From One Millennium to the Next - From Polynesia to Aotearoa to NZ
To celebrate the new millennium, Jil of Aotearoa was commissioned to paint a mural for our school. This is the story of the design as told by Jil Sergent...
"About 260 hours of painting ago I began my millennium challenge - to
paint the history of my country - Aotearoa - from one millennium to the
next. Beginning 800 AD with the arrival of the Polynesians - Kupe and
his wife Hine Te Aparangi and the 12 waka. Through much discussion,
much study and even more worry, I made decisions about what was and
wasn't significant in the last 1000 years. Of course a lot cannot be
depicted within 18 metres and the budget. Decisions were based on my
ideas of the children's level of understanding and interest. Positive
and significant events rather than specific people - though some people
have been depicted and several disasters. New Zealand and New
Zealanders have been through a lot, in a hurry over the last 2
centuries. And if the past wasn't hard enough to decide upon, try
predicting the future - 2 square metres of it!
The first 16 metres speak for themselves - Kupe and Hine te Aparangi,
Abel Tasman, Captain Cook, Whalers, Missionaries, Settlers, Trade, land
wars, felling our primeval forests, developing farm land and social
structures and economics.
The two metres of 'future' is more symbolic and open to interpretation. I wanted this section to focus on education and growth of people and planet - communication, tolerance and understanding of our ever increasingly diverse cultures.
The sunrise 2000 - a bright outlook for a new day, a new millennium, a new beginning. A less than clear Hei Tiki is in the sun plus three times earlier in the mural because Hei Tiki is a very ancient symbol of the sun god from many cultures including New Zealand's first culture - the Waitaha. Hei Tiki is now entering his third millennium.
A male from the older generation holds the youngest generation up to the sky to reach for the stars (Southern Cross) - a gesture of support for the future. Whilst reaching for the future this youngest generation also fishes up New Zealand with a giant fish hook as Maui did so long ago. This multicultural child rediscovers and redefines New Zealand, built on a sound understanding of past generations and their beliefs, successes and failures
Over the sunrise flies a gannet carrying a pohutukawa branch in her beak - a NZ version of peace - one world, one heart.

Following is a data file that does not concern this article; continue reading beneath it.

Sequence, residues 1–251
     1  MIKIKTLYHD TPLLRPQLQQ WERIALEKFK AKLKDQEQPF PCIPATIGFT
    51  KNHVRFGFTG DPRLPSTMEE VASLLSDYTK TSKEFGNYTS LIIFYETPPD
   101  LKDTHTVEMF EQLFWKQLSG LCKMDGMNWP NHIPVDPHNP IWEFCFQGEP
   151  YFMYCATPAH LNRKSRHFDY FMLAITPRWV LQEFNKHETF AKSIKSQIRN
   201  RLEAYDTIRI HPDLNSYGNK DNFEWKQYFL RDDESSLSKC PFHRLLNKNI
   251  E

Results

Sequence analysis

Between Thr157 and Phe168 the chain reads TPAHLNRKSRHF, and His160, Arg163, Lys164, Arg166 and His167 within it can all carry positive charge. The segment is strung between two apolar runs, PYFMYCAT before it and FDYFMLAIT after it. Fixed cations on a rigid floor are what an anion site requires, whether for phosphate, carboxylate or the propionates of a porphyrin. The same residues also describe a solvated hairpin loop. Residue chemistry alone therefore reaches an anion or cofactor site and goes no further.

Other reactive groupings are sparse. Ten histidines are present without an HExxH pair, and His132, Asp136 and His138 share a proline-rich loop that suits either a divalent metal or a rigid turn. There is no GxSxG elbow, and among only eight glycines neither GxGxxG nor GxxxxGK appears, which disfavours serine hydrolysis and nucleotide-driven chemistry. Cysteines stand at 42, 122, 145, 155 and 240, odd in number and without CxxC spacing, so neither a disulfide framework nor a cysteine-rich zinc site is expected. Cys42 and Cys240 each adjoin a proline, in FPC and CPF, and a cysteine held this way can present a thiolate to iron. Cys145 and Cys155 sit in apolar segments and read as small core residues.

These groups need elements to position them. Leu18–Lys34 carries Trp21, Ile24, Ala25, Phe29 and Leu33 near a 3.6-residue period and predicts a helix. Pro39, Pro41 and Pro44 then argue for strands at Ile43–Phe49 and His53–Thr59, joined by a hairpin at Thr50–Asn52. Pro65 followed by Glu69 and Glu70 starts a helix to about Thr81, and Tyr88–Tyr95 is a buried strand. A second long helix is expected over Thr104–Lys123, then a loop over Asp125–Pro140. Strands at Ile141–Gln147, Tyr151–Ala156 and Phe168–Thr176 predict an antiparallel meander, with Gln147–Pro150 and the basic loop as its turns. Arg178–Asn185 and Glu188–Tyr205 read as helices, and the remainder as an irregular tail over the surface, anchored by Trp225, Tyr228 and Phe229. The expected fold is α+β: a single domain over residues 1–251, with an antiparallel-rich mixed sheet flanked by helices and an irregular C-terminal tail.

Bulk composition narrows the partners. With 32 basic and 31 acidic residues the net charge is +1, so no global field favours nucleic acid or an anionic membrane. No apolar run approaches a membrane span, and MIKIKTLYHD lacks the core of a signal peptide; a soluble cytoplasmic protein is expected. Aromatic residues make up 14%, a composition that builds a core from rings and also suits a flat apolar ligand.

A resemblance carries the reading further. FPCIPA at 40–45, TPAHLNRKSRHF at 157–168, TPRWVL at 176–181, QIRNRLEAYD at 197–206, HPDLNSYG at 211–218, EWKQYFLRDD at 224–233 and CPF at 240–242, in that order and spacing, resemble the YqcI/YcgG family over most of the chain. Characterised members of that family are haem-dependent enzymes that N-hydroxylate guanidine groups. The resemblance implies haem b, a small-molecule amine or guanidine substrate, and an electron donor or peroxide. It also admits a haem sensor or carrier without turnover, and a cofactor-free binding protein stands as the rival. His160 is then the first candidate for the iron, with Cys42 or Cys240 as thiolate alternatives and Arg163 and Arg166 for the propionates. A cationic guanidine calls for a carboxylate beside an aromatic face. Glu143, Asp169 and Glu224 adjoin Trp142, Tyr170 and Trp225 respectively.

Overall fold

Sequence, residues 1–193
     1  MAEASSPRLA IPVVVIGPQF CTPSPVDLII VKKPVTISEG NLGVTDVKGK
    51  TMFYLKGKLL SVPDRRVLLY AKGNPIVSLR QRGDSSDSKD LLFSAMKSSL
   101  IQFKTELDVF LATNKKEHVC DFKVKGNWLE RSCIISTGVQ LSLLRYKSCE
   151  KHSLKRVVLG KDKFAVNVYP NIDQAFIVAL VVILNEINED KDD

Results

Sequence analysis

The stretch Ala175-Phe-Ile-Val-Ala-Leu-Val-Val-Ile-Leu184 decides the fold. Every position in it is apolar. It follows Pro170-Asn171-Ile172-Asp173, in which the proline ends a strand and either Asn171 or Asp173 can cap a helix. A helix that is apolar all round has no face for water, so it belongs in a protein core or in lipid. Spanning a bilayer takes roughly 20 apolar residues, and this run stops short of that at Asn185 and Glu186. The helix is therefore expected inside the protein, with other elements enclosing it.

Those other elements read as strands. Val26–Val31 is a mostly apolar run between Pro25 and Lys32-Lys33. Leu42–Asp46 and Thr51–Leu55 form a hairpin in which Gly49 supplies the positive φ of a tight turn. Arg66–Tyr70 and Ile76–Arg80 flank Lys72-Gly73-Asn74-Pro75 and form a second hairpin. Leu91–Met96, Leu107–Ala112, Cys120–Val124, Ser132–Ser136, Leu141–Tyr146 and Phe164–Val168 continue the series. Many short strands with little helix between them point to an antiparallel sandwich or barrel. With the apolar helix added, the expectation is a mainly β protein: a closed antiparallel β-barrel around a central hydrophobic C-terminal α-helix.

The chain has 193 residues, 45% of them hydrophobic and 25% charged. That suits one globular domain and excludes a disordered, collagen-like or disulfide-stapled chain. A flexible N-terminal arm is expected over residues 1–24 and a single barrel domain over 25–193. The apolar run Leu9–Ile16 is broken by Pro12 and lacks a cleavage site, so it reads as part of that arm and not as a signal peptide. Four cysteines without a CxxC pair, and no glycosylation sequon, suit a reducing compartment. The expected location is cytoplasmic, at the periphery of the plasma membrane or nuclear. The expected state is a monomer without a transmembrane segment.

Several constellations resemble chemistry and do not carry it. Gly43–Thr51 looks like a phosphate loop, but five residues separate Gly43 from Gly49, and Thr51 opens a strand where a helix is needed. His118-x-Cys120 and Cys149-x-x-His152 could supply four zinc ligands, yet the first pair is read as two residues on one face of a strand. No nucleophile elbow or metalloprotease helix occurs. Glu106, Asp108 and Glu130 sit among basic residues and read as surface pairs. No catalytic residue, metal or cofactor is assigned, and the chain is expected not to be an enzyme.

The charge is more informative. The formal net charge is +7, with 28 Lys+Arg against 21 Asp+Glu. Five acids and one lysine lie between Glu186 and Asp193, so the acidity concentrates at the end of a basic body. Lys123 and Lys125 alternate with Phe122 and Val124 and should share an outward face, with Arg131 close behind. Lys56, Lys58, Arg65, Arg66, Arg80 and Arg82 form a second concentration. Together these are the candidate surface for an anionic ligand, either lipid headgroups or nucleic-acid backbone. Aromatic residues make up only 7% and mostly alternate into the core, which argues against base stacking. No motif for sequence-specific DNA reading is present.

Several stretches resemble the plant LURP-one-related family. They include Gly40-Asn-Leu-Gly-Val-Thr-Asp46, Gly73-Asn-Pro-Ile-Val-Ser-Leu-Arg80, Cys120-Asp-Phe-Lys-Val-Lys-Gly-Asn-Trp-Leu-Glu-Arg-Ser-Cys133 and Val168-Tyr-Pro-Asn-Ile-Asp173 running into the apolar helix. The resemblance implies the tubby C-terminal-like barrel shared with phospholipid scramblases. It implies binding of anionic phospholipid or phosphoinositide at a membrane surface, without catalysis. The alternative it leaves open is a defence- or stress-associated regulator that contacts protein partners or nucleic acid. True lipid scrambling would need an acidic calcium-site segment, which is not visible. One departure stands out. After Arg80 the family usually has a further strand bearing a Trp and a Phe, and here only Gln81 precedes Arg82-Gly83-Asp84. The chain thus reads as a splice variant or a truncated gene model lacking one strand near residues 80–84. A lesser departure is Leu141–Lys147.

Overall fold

The long white cloud of Aotearoa travels along the entire 18 metres.
Below the horizon we see the flame of 'human rights' symbol and the shaking of hands in a paua patterned ocean. This is about culture vs culture vs culture. ALL cultures need to unite to create one future, a unified future. No single culture in Aotearoa should be shown more importance, preference or favouritism than any other. Our small and precious country is perhaps the last place on earth to stir the 'melting pot' of cultures - let's do it with a grateful attitude and a happy heart.
Then to the Oystercatcher approaching the book stack of knowledge - 'the world is my oyster'. A computer mouse on top of the stack is just another means to obtain knowledge. Old versus new, script versus screen... Doesn't matter how you obtain good knowledge as long as you learn and grow and balance past with present, people with planet.
The DOC symbol in the native bush is about preserving our natural treasures, which still remain. Conservation needs to be a priority. The rock drawing pebble - something old. The wee alien - something new (maybe).
The final totem depicts the five main cultures that have and will be Aotearoa - Ancient NZ Celts, Waitaha, Maori, European,19th Century Celtic (Welsh, Irish, Scottish, English), Asian, Pacific Island - our multi-cultural stack of past and present. The base stone of the Waitaha with the spiral of eternal life, eternal growth. The female Poutokomanawa of the Maori to convey strength, status and dignity, is painted here by me representing my hope for a more female, child, family orientated future, moving away from the male, war, money, profit of the past.
Oak leaves, symbol of Frimley School. Knowledge is power. Education is the future.
Many people have shared with me their knowledge of NZ and their personal experiences in NZ history. Even the children had a lot to share, especially their lunches - with my good guard and company, Ruby, the hefty white moon dog.
This has been my largest and most intense mural to date. I had very little NZ history in my school education. This crash course of not only information, but priorities, has been a wild ride of me against time, weather, budget, conflicting facts, relevance, order, extremely close and talkative children and a very exciting and meaningful conclusion to my millennium.
P.S. And always in the background - where, when, how to fit the Waitaha and Ancient Celts, without being too 'culturally insensitive' to those who would deny their existence". - Jil of Aotearoa, 2003.
Artist: Jil Sergent, Jil of Aotearoa